The first season of FX’s anthology show
American Crime Story is making headlines for its on-point casting in its dramatization of the O.J. Simpson murder trial, including Cuba Gooding, Jr. as the disgraced footballer, Sarah Paulson as head prosecutor Marica Clark, and John Travolta as defense attorney Robert Shapiro. Before the show’s premiere on February 2, here’s 10 of the best and most memorable court room portrayals of real people on TV.
Paul Giamatti as John Adams in John Adams (2008)
This massive, $100 million miniseries depicts the major events of the future president’s political and professional career, beginning in court when a 35-year-old Adams is asked to defend the Redcoats, perpetrators of the 1770 Boston Massacre. Giamatti carries the rest of the series through early American history: the founding of the United States, the Revolutionary War, and his term as the second President of the United States. For his performance, Giamatti won the Emmy, Golden Globe, and SAG award.
Farrah Fawcett as Francine Hughes in The Burning Bed (1984)
For 13 years, Michigan housewife Hughes was abused and battered by her husband Mickey. In 1977, after separating and moving back in together, Hughes gathered up her kids and set fire to Mickey’s bed before driving to the police station to confess to the killing. In court, she was found not guilty by reason of temporary insanity. Fawcett as Hughes was nominated for both the Emmy and Golden Globe.
Al Pacino as Phil Spector in Phil Spector (2013)
Pacino went through a brief late-career resurgence playing high-profile court figures like Dr. Jack Kevorkian (more on that later) and Wall of Sound creator Phil Spector. After years of whispers and rumors of unsavory behavior, Spector was brought into court for the murder of Lana Clarkson, a former model who was found dead from a single gunshot wound in Spector’s home. Pacino mostly covers the first murder trial (a hung jury necessitated a second trial in order to convict Spector), for which he was Golden Globe and Emmy-nominated.
Drew Barrymore as Amy Fisher in The Amy Fisher Story (1993)
During her rebellious Lolita years (which also produced the Poison Ivy movie), Barrymore portrayed this Long Island teenager who started an affair with Joey Buttafuoco and shot and maimed Buttafuoco’s wife. Fisher spent seven years in jail (while Joey spent four months for statutory rape) and upon re-entering society, pursued a career in journalism and film pornography.
Alec Baldwin as Justice Robert H. Jackson in Nuremberg (2000)
In 1945, an international tribunal was held in Nuremberg, Germany to prosecute the surviving members of Nazi leadership, most notably Hermann Goring (played by Brian Cox). The Allied participants each sent a chief prosecutor. For the United States, it was Supreme Court Justice Robert H. Jackson, portrayed by Baldwin who has plenty to work with thanks to Jackson’s penchant for delivering big, grandstanding speeches. Baldwin was nominated for a Golden Globe for this role.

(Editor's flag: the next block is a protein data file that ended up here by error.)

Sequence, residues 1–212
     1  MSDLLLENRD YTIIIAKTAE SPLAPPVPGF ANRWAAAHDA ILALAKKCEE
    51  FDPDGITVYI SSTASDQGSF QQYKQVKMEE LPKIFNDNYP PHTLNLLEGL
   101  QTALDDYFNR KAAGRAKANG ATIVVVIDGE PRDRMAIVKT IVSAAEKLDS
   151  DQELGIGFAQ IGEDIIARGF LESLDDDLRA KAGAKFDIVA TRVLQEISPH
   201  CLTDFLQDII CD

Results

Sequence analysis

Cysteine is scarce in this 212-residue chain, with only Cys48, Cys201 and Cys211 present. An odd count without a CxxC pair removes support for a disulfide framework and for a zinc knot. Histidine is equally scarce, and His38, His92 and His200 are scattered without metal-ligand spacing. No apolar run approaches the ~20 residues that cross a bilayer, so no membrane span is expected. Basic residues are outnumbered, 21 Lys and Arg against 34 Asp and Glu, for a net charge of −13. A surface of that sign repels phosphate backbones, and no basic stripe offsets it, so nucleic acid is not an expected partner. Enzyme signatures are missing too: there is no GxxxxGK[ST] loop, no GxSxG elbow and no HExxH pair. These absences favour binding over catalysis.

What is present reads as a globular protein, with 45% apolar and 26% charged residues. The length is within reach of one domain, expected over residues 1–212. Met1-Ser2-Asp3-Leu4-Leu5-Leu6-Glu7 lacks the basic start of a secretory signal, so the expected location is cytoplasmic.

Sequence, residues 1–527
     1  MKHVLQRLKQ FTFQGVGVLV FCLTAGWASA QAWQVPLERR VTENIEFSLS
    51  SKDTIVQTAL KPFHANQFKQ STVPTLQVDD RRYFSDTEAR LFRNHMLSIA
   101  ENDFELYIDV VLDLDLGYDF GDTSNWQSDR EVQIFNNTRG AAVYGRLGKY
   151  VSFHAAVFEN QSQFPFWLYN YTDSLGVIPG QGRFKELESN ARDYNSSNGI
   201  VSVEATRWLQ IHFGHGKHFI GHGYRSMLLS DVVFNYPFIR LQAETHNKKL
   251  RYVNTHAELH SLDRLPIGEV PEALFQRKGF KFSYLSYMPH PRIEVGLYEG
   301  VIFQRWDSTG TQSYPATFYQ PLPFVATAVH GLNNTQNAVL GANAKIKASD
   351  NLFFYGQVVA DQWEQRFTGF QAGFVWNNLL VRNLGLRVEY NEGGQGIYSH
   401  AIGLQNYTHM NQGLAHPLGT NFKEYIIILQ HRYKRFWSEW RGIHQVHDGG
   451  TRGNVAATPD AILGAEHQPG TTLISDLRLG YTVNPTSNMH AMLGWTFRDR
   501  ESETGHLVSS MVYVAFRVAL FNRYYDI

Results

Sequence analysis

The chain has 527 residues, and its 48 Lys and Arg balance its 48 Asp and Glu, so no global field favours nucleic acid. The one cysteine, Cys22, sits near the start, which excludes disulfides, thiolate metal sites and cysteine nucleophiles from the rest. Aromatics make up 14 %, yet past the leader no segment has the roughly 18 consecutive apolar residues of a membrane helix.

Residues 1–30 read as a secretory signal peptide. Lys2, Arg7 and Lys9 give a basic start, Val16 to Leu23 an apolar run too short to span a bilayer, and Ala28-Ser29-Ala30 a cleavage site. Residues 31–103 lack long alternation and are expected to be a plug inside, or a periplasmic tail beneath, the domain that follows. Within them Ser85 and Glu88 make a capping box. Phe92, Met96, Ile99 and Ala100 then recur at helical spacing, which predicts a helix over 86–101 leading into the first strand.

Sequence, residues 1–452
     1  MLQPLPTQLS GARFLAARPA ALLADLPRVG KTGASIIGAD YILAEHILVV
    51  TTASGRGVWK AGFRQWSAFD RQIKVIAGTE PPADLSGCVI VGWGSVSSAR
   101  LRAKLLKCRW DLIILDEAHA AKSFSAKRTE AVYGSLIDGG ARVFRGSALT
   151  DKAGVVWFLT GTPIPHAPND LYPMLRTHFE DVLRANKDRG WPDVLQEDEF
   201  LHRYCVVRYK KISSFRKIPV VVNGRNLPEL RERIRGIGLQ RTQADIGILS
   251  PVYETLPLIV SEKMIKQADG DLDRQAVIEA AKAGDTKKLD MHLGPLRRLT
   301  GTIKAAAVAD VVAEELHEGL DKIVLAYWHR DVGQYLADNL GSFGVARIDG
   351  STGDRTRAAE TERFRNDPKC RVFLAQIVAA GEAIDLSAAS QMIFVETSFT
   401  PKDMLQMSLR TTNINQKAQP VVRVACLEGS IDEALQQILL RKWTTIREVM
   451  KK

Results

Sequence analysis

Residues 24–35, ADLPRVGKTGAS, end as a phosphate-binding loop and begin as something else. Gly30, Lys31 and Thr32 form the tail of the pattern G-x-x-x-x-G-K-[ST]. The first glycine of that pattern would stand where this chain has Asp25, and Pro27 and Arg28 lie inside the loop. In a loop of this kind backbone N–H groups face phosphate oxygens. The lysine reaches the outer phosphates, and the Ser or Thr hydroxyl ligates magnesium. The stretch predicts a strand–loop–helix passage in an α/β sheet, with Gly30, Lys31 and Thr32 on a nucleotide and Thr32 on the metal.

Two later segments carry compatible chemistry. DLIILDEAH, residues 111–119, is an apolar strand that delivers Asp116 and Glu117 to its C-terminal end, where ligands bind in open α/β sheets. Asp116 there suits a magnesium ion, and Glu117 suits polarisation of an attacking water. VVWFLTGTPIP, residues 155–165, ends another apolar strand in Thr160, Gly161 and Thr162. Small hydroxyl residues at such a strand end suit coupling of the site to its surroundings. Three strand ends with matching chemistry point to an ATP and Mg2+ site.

Holly Hunter as Wanda Holloway in The Positively True Adventures of the Alleged Texas Cheerleader-Murdering Mom (1993)
With a title like a cross between Chris Columbus and John Waters, this TV-movie sees Hunter as the “Pom-Pom Mom,” a Texas mother who takes news of her daughter failing to make the cheerleading squad badly. Holloway attempts to hire a hit-man and kill the mother of her daughter’s cheer rival. Instead, Holloway was sentenced to 15 years in jail (serving half) and paying hundreds of thousands of dollars in restitution.
Al Pacino as Jack Kevorkian in You Don’t Know Jack (2010)
Pacino plays Dr. Death himself in this Barry Levinson-directed TV movie. For decades, Kevorkian had administered assisted suicides for terminal medical patients living in debilitating pain, up until he was at last convicted for second-degree homicide towards the final years of his life. The film is a thought-provoking look on the man who made right-to-die his life’s work, and Pacino captured the Emmy, Golden Globe, and SAG award for his portrayal.
Penelope Ann Miller as Mary Kay Letourneau in All-American Girl: The Mary Kay Letourneau Story (2000)
Miller portrays a middle school teacher who, in 1997, was caught having a sexual relationship with one of her 12-year old students. Letourneau gave birth to his daughter while awaiting sentencing and after serving three months, was arrested again for her relationship and sentenced to seven more years. Four years after All-American Girl was released, Letourneau was freed once more and married the student, now 21, and has hosted “Hot For Teacher” nights at Seattle nightclubs.
Rob Lowe as Jeff Ashton in Prosecuting Casey Anthony (2013)
In one of the most media frenzied court cases of the 21st century so far, Lowe plays an assistant state attorney in the trial of Casey Anthony, who has been charged with murdering her two-year old daughter Caylee in Friday. The film explores the evidence the prosecutors dealt with in addition to the public crucible that comes with a trial obsessed over by the nation.
Jim Broadbent as Frank Pakenham in Longford (2006)
Directed by John Adams‘ Tom Hooper, Broadbent plays a long-serving Labour Party member whose frequent visits to prisons got him involved in advocating the release of Myra Hindley, who had been pinned to the Moors murder of the 1960s that saw five English children murdered. Known for championing outcasts and difficult causes (including decriminalizing homosexuality in the 1950s), the Longford Prize today is named in his honor and given to advocates of penal reform.